Invenio: Coaching and Mentoring January 2016 - Page 39

Re-inventing

Resolutions

by Nicci Robertson

The tradition of the New Year's Resolution goes way back to 153 B.C. Janus, a mythical king of early Rome was placed at the head of the calendar.

With his two faces, Janus could look back on past events and forward to the future. Janus became the ancient symbol for resolutions and many Romans looked for forgiveness from their enemies and also exchanged gifts before the beginning of each year.

The celebration of the New Year is the oldest of all rituals regardless of culture or religious preference. It was first observed in ancient Babylon around 4000 years ago. In the collective consciousness a new year represents a new beginning and a chance to start over, which may explain why losing weight or getting fit has always ranked in the the top three resolutions year in and year out.

It may also explain why the gyms are so busy come mid January and start to dwindle by the end of February.

So, if a resolution is a commitment to ones’ self that is generally interpreted as advantageous. Why are resolutions typically a promise that we know we will break before Easter?

Most of us know how changeling it is to change patters, beliefs and behavior, none more so that those relating to nutrition and exercise.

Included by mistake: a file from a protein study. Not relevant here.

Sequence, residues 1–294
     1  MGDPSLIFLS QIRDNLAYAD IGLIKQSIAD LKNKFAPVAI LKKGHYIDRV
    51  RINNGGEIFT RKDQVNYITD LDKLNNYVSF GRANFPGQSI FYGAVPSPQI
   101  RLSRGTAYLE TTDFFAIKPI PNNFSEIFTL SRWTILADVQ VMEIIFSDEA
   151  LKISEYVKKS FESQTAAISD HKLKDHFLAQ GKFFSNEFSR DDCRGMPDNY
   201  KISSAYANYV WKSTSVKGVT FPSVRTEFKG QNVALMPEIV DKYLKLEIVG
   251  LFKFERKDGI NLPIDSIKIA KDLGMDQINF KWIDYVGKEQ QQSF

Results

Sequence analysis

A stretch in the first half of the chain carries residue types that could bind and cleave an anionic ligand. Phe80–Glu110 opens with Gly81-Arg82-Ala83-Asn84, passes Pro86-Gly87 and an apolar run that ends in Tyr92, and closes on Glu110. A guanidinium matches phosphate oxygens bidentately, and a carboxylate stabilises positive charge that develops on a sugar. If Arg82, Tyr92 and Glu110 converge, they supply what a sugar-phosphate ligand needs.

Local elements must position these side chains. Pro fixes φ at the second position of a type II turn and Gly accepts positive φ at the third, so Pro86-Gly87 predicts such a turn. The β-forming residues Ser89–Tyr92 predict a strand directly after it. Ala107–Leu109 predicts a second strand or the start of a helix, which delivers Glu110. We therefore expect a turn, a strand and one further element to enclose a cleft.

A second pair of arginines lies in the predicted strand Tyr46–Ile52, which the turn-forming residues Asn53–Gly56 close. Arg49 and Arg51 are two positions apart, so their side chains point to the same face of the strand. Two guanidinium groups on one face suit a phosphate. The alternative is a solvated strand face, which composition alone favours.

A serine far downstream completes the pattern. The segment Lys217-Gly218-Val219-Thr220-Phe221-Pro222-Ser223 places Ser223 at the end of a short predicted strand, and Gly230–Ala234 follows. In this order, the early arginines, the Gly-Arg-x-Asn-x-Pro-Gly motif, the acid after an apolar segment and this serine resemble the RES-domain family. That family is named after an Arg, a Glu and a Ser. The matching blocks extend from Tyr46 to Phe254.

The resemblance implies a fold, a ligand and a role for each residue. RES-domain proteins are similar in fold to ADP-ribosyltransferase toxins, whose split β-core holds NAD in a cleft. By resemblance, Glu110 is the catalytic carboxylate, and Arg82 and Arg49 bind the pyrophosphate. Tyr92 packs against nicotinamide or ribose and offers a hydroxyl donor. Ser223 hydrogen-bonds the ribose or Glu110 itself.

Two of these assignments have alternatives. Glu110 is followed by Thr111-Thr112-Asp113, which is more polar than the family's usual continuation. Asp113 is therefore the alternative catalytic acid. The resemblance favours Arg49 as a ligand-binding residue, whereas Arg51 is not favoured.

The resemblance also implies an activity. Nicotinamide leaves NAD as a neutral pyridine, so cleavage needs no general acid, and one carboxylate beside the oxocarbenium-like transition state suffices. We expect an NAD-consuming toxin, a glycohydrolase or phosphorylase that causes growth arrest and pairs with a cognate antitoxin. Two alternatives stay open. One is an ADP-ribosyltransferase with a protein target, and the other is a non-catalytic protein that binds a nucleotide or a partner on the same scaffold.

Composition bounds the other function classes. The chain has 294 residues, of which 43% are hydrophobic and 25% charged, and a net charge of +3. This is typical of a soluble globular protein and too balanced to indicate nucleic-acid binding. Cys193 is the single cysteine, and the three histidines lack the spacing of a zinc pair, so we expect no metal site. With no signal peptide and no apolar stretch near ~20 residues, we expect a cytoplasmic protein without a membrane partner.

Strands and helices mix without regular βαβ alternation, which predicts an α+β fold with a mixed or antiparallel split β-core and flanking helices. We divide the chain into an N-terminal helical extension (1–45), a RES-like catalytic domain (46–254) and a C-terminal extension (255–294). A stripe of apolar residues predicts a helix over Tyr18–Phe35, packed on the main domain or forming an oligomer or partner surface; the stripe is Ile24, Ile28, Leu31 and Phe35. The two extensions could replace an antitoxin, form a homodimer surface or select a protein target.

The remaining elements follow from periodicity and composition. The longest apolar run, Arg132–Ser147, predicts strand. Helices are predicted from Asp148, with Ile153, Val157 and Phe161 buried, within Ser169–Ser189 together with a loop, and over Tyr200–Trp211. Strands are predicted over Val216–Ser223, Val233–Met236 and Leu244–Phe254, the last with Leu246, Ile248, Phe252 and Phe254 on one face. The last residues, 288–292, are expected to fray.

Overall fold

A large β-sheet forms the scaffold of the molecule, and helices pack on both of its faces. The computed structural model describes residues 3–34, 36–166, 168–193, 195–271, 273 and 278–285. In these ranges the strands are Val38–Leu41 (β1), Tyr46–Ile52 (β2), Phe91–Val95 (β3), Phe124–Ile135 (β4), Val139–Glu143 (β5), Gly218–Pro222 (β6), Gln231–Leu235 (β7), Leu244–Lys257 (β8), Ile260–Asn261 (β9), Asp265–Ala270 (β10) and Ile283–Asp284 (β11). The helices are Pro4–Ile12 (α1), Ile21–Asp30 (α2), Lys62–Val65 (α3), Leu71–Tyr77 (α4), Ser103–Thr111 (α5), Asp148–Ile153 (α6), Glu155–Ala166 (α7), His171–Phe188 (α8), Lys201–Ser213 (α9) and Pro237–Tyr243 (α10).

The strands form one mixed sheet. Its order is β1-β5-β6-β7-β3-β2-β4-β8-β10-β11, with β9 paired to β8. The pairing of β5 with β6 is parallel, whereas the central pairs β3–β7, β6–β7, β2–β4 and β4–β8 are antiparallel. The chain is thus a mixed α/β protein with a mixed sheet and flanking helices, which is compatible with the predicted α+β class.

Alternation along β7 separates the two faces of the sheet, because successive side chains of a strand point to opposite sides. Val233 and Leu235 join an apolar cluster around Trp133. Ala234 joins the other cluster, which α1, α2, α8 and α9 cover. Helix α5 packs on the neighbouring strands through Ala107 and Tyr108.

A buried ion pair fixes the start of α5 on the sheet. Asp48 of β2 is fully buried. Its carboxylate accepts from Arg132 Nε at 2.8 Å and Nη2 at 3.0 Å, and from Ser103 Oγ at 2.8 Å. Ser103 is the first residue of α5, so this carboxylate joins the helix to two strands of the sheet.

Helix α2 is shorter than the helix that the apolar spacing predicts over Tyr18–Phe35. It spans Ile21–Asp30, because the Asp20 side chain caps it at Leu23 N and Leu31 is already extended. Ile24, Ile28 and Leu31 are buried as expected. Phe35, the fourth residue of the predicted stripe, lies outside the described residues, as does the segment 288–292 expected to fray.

Somehow making health a resolution, we are setting ourselves up for failure in that a resolution is a promise that was made to be broken.

Changing our attitudes towards health calls for a complete overhaul of what we do on a daily basis. It may involve getting out of bed in the wee ours of the morning to go to gym. It will certainly mean foregoing that after work drink. It will undoubtedly call for planing and preparation.

2012 was the year the Mayans predicted the end of the world as we know it, so when you think of then why not now think of a New Years’ Reinvention rather than a resolution?

Resolutions don’t work because they aren’t formalised. The commitment to reinvent ones’ self takes far more project management. And like any project one needs a plan in order to succeed with all of the typical markers along the way.

Before proceeding along this line, ask yourself these questions. It will make the process a whole lot more focussed and will keep you accountable to your goals.

‘What do I want?’ not ‘What do I not want, or want to avoid?’

Losing weight or giving up smoking are negative outcomes, which may explain why they are hard to achieve. Therefore by asking: ‘What do I want instead and ‘What will this do for me?’ will turn a negative into a positive outcome?

How will you know you are succeeding?

It is important to know you are on track. You need feedback and it needs to be accurate. How you will measure the progress? How will I know that you are on course towards your outcome? What are you going to measure? Working with a personal trainer and a nutritionist or wellness coach is one sure way of getting consistent, accurate feedback. With professional, reputable help you will be able to tweak and adjust your strategy to fit your situation along the way. One way to ensure failure is to be inflexible so adjustment is crucial to the process.

What, when and why?

What specifically do I want?

When specifically do I want this?

is it to me?

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